NUT Survey: 98% of teachers say pupils affected by concerns around body image

The NUT conducted a one day online members’ survey of secondary school teachers on 7 July to seek views on pupils’ confidence in their body image.  492 secondary school teachers responded. 

Nearly all teachers, 98%,  indicated that some or more of their students are affected by ‘worries about how they look’. This is resulting in many pupils opting out of physical activity or suffering from eating disorders. 

One teacher wrote ’Perception of what a normal body type is has been warped! Plus, the way one should dress and make up expectations are now such that our young people are no longer children. In a secondary school everyone should look at least 18! This hits when generally students get to year 9.’’

Many felt current education policy is hindering teachers from helping young people develop strong self-esteem and positive self-image. In particular: the lack of time to deliver Personal, Social and Health Education (PSHE), a narrowing of the curriculum and excessive focus on particular subjects because of targets and accountability.  

  • 97% said that some or more of their pupils are affected by sexist or stereotypical comments, with 17% saying that nearly all are and 45% saying that many are. 
  • Nearly two thirds (64%) of teachers think that girls are affected more strongly by body image issues than boys but less than 1% think that boys are more affected than girls. 82% of teachers reported that some or more of their pupils are “opting out of physical activity, such as swimming”.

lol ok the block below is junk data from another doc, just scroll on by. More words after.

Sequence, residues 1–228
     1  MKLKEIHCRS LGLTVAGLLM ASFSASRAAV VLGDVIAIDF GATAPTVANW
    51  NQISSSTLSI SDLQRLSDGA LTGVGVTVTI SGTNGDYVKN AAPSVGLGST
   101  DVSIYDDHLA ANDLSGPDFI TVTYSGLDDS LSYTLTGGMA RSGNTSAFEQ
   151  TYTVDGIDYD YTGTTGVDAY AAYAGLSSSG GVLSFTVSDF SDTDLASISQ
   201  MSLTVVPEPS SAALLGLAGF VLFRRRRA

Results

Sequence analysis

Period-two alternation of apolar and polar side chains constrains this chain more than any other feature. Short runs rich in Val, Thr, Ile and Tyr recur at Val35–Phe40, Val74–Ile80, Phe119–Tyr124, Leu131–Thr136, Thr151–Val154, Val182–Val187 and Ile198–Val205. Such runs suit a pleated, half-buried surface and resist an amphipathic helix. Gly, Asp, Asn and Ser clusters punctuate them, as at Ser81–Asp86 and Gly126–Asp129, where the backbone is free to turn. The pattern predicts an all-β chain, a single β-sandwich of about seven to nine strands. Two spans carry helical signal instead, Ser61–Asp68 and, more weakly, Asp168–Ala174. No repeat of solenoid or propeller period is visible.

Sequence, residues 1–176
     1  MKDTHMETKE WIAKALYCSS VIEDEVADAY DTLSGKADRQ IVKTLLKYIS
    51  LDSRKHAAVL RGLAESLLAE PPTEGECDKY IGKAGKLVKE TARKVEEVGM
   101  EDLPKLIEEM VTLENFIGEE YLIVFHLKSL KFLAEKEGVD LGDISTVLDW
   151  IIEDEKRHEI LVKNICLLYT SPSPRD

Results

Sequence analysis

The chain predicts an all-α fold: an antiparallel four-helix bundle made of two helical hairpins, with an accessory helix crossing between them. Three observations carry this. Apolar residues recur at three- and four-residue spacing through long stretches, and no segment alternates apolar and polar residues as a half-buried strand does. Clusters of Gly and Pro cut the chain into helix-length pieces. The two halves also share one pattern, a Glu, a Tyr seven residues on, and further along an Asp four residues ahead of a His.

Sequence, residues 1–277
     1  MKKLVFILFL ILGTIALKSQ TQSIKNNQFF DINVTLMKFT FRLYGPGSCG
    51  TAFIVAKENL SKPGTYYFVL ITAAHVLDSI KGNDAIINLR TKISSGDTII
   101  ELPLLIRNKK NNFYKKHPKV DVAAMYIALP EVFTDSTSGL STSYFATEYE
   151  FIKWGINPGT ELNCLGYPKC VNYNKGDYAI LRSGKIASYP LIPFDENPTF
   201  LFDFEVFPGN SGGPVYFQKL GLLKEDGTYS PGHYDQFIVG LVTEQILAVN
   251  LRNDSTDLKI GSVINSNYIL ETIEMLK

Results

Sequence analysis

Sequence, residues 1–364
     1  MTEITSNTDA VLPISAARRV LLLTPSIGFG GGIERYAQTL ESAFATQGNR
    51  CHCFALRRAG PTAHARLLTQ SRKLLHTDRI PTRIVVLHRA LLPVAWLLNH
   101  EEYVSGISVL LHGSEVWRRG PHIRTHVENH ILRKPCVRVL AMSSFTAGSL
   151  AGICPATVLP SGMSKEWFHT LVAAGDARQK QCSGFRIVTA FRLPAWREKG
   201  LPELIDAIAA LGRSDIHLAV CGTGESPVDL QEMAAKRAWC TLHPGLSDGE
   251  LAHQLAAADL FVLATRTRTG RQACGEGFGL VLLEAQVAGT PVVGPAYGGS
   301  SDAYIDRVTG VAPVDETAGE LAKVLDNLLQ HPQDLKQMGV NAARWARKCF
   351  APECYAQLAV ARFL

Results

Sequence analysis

Kevin Courtney, General Secretary, National Union of Teacherssaid; ‘Teachers identified that the media has a responsibility to change the way it presents body image and physical appearance. Teachers also told us they want to develop a broad range of learning opportunities to help support students’ self-esteem – using assemblies, PSHE, art, drama, sport and outdoor learning. But this whole school approach is made much harder by national policies which fuel exam factory pressures. Teachers are clear we don’t have the right success criteria for schools. 

‘We simply mustn’t push out arts, dance and drama in an overly narrow focus on academic subjects. Nor must we keep forcing schools to cut pastoral posts and systems because of the school funding cuts. “

What can schools do to help when some pupils are making themselves ill over body image issues? Should social media sites be more responsible? Please tell us your thoughts in comments or via Twitter ~ Tamsin

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